“For us to dialogue, we needed a clear agenda for the dialogue, a neutral convener. We wanted to know who the participants in the dialogue would be and we needed a guarantor to guarantee the outcome of any dialogue. Those are very simple conditions and fairly standard when it comes to meaningful dialogue, but the NRM did not agree,” Mr Amuriat revealed.
Mr Rubongoya told this publication that NUP “can only have a dialogue if …they … stop abducting our people, release all those who were arrested for supporting us, and release our MPs who have been in prison for over a year now.” It was partly because of the NRM’s failure to fulfill the aforesaid conditions that the leading Opposition party declined to join the Inter Political Organisations Dialogue (Ipod).
“We do not want a dialogue that is a way of sanitising a criminal regime,” Mr Rubongoya said.
NRM methods queried
Sources within both parties also raised issues with the methods that Mr Museveni and the NRM have been employing while engaging the Opposition. They accuse the NRM of attempting to arm-twist them into a dialogue.
In the run-up to last year’s East African Legislative Assembly (Eala) polls, Mr Museveni labelled the two parties “hostile” and encouraged NRM MPs to only vote for candidates aligned to the Uganda Peoples Congress, the Democratic Party (DP) and the Justice Forum (Jeema), which he described as “responsible political parties which are not disruptive.”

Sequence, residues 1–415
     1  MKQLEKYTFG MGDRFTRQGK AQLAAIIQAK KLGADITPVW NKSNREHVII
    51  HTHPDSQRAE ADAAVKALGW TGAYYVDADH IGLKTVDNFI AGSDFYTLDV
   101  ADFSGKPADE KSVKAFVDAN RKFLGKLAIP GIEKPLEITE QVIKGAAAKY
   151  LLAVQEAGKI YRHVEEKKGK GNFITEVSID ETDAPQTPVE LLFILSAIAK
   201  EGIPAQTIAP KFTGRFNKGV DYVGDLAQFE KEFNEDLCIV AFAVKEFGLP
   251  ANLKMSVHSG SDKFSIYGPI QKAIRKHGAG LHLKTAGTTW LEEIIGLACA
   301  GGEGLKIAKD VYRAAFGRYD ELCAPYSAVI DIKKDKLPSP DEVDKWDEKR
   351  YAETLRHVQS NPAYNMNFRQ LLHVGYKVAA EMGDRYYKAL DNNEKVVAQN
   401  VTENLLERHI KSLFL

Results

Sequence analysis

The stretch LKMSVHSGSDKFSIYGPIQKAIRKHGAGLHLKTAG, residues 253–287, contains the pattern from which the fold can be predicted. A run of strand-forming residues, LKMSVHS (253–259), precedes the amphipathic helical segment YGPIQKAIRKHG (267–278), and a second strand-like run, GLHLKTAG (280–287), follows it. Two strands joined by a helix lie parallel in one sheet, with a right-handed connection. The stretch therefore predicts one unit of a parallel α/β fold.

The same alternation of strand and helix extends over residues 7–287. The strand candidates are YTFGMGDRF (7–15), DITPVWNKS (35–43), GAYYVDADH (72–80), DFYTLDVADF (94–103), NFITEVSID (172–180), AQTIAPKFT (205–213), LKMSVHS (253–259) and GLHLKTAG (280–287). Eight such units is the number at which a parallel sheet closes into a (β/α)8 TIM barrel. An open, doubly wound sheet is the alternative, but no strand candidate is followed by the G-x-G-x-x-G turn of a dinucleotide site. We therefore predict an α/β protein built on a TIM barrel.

NUP did not field official candidates in the Eala race, having earlier announced that it was boycotting the poll. FDC fielded its deputy secretary general—Mr Harold Kaija—who was unsuccessful in the poll.
Whereas there have always been questions about the NRM’s rigidity, Mr Amuriat also questioned why the NRM chooses to negotiate with individuals in the Opposition as opposed to parties as institutions.
“What Museveni is interested in is doing what [Mr Norbert] Mao has done to DP. That thing of swallowing political parties using a carrot and stick. Or even just outright favouritism,” he said.
Last July, the DP faction led by Mr Norbert Mao signed a cooperation agreement with the NRM. This paved the way for Mr Mao’s appointment to the Cabinet and the election of Mr Gerald Siranda, DP’s secretary general, as one of Uganda’s representatives to Eala.
“I think FDC is a deeply rooted political party. That approach can only work for individuals in the party, but not the institution (FDC),” Mr Amuriat said, adding that “individuals can go if they wish to dialogue with Mr Museveni, but we can never ever sell our party to anybody, least of all Mr Museveni.”
Mr Dombo, however, defended Mr Museveni’s preferred method of reaching out to individuals in the Opposition.
“NRM is a political party, but it is also the party in government. It has a dual responsibility of creating harmony between it and other parties and ensuring Uganda stabilises for economic development,” Mr Dombo reasoned, adding, “So there may be talks with either individuals or leaders of political parties on the fundamental issues while the general dialogue is being negotiated.”